Tag Archives: spy

Have you seen Sneakers? – The classic spy thriller starring Robert Redford

I can’t imagine a better way to introduce the movie, Sneakers:

It’s hard for me to choose a favorite Sneakers character—there so many great ones. Even the movie’s secondary players are rendered in just enough detail to give them dimension: I love the pretentiousness of Janek, the mathematician who builds the decryption device; the unctuousness (want a cappuccino?) of Dick Gordon, the mustachioed Cosmo crony; and the boorishness of Dr. Werner Brandes, played to the hilt by the always excellent Stephen Tobolowsky.

But even that does not go far enough. Robert Redford plays his role superbly, rivaling and surpassing George Clooney in Oceans Eleven. Then there is the blind man who solves puzzles, River Phoenix as the shy computer genius, Sidney Poitier as a former-CIA agent, and who can forget Dan Aykroyd’s conspiracy theories?

If this interests you a little, if you like Oceans Eleven and caper films, or delight in well written, directed, and acted films then I demand you go see this movie . You won’t be disappointed. If you are, come back and yell at me, I’m that confident of success.

Sneakers is a true delight and you will be an admirer within the first quietly suspenseful minutes.

And if you’re obsession goes a bit deeper, here is Slate’s compulsive coverage of the movie’s 20th anniversary:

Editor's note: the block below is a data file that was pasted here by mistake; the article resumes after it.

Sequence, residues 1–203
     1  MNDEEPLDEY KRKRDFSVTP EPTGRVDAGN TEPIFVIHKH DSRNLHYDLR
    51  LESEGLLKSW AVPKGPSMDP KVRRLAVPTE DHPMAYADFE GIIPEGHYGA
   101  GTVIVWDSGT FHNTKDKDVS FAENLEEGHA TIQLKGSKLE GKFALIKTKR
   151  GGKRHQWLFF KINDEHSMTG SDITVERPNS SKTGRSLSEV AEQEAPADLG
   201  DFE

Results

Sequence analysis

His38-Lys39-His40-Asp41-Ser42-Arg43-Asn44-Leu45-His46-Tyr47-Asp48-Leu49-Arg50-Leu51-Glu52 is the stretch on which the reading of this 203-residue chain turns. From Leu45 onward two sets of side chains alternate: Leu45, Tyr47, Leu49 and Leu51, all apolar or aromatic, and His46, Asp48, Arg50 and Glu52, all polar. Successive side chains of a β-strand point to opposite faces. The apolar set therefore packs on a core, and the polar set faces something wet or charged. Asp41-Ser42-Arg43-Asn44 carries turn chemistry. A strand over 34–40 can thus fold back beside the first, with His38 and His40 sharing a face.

And, listen them discuss it in the Gabfest (the 2nd topic).

How a Brookings Fellow travels with tech to China – #espionage

When Kenneth G. Lieberthal, a China expert at the Brookings Institution, travels to that country, he follows a routine that seems straight from a spy film.

He leaves his cellphone and laptop at home and instead brings “loaner” devices, which he erases before he leaves the United States and wipes clean the minute he returns. In China, he disables Bluetooth and Wi-Fi, never lets his phone out of his sight and, in meetings, not only turns off his phone but also removes the battery, for fear his microphone could be turned on remotely. He connects to the Internet only through an encrypted, password-protected channel, and copies and pastes his password from a USB thumb drive. He never types in a password directly, because, he said, “the Chinese are very good at installing key-logging software on your laptop.”

Via NY Times

 

Advice for travelling to China…or good advice for everyday life?